Putin Says Russia May Charge Levy for Russian State Asset Sales From 1990s

Russia may charge businessmen who acquired assets in “unfair” 1990s state sales a one-time levy, said Prime Minister Vladimir Putin, who’s campaigning to return to the presidency in an election next month.

“We have to draw a line under this period, so that society accepts the outcome, ending this problem of the 1990s,” Putin said today at a meeting in Moscow of the Russian Union of Industrialists and Entrepreneurs, a lobby group for big business. He described the privatizations that took place through auctions as “frankly speaking unfair.”

“It should either be a one-time payment or something else,” Putin said. “We have to think about this together. I think society as a whole and the business class have an interest in this.”

Putin has refused to reverse the state asset-sales of the 1990s, which handed holdings in the oil, metals and other industries to so-called oligarchs, or wealthy businessmen, who built ties to the government after the fall of communism. Moscow is the city with the greatest number of billionaires at 79, compared with New York’s 58, according to Forbes magazine.

The Micex Index (INDEXCF) of 30 stocks fell after the comments and closed 0.8 percent lower at 1,542.79 in Moscow after trading little changed earlier. The MSCI Emerging Markets Index (MXEF) also turned lower and was down 0.2 percent at 1,059.05 at 7.35 p.m.

‘Sensitive Issue’

“This a sensitive issue,” Alexey Mordashov, the billionaire owner of steelmaker OAO Severstal (CHMF), said after Putin’s comments. “The desire and the need to turn the page is understandable, while it’s unclear whom to tax exactly -- those who privatized, who own now, or minorities.”

Billionaire Mikhail Prokhorov, who’s standing for president in the March 4 election, said last week that all the businessmen who bought state assets in the 1990s should decide themselves how much they want to compensate the state.

“I’ll sell everything, all my assets, when I become president and donate almost all of the money to charity,” said Prokhorov, whose fortune was estimated last year by Forbes at $18 billion, making him Russia’s third-richest person.

After being elected to the presidency in 2000, Putin agreed not to revisit the government’s asset sales from the previous decade on condition the tycoons stay out of politics.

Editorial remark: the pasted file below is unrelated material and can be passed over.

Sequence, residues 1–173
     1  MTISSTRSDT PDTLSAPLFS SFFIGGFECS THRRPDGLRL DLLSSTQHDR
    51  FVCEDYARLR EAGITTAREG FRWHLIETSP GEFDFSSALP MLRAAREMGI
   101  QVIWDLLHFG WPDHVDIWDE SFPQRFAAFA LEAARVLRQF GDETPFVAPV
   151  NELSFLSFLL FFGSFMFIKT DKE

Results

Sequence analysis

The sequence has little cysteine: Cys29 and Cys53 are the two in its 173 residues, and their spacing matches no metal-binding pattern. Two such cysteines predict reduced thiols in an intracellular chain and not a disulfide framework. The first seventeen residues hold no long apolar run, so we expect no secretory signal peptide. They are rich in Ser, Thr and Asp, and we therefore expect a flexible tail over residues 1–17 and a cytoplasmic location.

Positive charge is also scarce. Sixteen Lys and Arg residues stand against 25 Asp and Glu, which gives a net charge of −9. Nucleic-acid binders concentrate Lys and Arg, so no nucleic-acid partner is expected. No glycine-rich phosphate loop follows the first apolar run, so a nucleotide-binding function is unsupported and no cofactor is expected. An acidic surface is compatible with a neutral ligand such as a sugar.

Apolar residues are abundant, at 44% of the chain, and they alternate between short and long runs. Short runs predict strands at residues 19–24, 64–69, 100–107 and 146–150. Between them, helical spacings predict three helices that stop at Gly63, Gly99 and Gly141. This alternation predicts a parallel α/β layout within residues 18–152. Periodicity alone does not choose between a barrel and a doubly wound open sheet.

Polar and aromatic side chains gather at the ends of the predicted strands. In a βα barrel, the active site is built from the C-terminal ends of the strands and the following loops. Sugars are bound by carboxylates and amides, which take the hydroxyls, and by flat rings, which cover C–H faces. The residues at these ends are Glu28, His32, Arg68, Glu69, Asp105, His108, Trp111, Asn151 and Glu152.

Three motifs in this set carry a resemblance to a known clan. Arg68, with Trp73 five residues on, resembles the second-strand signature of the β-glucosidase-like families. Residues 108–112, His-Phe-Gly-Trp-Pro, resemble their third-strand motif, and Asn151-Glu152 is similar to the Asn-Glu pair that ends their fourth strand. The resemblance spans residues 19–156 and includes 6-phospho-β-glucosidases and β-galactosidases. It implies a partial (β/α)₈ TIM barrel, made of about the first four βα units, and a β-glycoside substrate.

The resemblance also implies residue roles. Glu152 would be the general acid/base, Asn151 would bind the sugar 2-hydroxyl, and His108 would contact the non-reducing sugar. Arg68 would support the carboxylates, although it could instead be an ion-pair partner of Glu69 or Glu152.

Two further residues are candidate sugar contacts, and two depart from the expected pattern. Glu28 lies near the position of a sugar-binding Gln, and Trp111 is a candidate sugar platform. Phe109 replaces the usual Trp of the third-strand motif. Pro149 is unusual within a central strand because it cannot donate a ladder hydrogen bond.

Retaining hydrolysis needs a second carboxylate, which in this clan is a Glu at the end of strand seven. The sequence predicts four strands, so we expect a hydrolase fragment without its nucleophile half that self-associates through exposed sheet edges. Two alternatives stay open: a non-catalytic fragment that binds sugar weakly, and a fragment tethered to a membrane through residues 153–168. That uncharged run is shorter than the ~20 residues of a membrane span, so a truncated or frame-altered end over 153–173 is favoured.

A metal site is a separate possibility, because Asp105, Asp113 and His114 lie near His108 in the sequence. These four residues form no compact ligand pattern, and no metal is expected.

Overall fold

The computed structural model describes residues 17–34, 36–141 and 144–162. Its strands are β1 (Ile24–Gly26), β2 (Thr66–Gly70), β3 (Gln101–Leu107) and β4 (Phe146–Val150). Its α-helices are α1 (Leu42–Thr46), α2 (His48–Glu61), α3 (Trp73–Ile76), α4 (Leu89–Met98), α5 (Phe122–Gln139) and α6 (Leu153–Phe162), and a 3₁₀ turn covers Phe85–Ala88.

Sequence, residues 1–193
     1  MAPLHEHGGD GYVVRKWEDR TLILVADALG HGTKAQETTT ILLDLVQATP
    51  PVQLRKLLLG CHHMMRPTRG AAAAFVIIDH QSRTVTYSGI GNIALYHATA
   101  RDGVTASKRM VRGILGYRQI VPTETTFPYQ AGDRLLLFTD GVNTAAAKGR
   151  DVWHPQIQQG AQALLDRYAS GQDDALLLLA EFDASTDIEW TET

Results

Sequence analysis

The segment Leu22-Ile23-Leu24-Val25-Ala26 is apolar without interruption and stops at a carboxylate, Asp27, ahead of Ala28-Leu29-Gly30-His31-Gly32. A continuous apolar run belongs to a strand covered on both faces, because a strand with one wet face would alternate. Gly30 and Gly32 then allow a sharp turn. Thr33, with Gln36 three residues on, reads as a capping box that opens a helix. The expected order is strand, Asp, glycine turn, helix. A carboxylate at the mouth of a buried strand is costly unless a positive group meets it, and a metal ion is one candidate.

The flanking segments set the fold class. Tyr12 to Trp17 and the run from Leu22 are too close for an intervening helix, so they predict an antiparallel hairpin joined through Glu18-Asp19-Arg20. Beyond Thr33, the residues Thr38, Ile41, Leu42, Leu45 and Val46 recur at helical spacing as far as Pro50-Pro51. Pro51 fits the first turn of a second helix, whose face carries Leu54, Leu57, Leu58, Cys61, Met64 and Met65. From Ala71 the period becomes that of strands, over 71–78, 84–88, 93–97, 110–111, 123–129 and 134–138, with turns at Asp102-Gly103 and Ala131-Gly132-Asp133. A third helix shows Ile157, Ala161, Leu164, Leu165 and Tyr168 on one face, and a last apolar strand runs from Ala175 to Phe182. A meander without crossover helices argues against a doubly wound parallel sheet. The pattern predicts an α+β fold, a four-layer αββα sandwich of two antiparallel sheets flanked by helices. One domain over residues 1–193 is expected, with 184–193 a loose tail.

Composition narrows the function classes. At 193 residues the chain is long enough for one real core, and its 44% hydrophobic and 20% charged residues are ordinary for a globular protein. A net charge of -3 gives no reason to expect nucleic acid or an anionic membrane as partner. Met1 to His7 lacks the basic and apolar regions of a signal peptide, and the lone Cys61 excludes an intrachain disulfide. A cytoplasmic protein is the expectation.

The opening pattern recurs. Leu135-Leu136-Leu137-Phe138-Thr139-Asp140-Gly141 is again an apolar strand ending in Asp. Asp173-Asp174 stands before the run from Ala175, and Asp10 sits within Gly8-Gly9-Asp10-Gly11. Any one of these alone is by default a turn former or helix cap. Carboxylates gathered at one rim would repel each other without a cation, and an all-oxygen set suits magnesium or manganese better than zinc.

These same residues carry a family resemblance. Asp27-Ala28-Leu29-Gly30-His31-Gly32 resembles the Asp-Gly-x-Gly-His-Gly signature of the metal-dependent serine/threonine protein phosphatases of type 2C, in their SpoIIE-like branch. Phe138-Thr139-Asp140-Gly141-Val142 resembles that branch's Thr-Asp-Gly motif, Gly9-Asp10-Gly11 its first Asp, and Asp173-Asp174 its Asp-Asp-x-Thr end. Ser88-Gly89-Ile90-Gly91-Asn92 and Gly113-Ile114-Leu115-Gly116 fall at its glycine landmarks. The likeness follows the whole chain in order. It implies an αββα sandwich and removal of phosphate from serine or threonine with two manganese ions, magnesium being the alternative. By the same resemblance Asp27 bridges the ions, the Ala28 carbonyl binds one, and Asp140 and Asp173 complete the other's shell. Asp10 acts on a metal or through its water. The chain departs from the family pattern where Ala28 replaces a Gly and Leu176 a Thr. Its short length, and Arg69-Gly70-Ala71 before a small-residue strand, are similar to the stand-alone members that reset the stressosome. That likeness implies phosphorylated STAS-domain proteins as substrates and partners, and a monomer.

Knockdown Prices

Mikhail Khodorkovsky, once Russia’s richest man and owner of the country’s biggest oil producer, was imprisoned for tax evasion and fraud and his OAO Yukos (YUKO) company dismantled in a campaign he alleges was motivated by his political activities.

Khodorkovsky’s Menatep Bank bought a 78 percent stake in Yukos for $300 million in a so-called loans-for-shares auction that was organized by Menatep in December 1995. The energy producer’s market capitalization later rose to as high as $30 billion.

Some of the biggest Russian companies were auctioned to the businessmen, who later became oligarchs, at knockdown prices after the loans-for-shares plan, which was created to prop up late President Boris Yeltsin’s government. Among other transactions under the loans-for-shares, program, billionaire Vladimir Potanin’s ZAO Interros Holding bought a 38 percent stake in miner OAO Norilsk Nickel. (GMKN)

Communist leader Gennady Zyuganov, a rival of Putin in the presidential race, has also pledged to impose a one-time tax to recoup “profits brought by the wind” from assets sold in the 1990s. He also proposed jailing businessmen guilty of criminal behavior during the privatization process, saying 50,000 crimes and violations have been established.

Shifting Ground

“The newswires are currently dominated by President Putin and his re-electioneering promises and initiatives,” Julian Rimmer, a trader of Russian shares at CF Global Trading in London, said by e-mail. “None looks particularly threatening from an equity standpoint but the ground beneath oligarch feet is shifting and places a nagging doubt in some investors’ minds.”

The Russian leader ordered state-run VTB Group on Feb. 2 to draw up proposals to buy back shares from investors who lost money in the bank’s 2007 initial public offering. Russia’s second-largest bank said the measure will cost it as much as 18 billion rubles ($605 million).

Putin, 59, the clear favorite in polls, is seeking to garner more than 50 percent of the vote to avoid a runoff against the second-place finisher in his bid to return to the presidency after four years as premier. He was elected president in 2000 and 2004 and stepped down in 2008 in favor of his protege, Dmitry Medvedev, to comply with constitutional term limits.

To contact the reporters on this story: Anton Doroshev in Moscow at adoroshev@bloomberg.net; Henry Meyer in Moscow at hmeyer4@bloomberg.net

To contact the editor responsible for this story: Balazs Penz at bpenz@bloomberg.net

Bloomberg reserves the right to remove comments but is under no obligation to do so, or to explain individual moderation decisions.

Please enable JavaScript to view the comments powered by Disqus.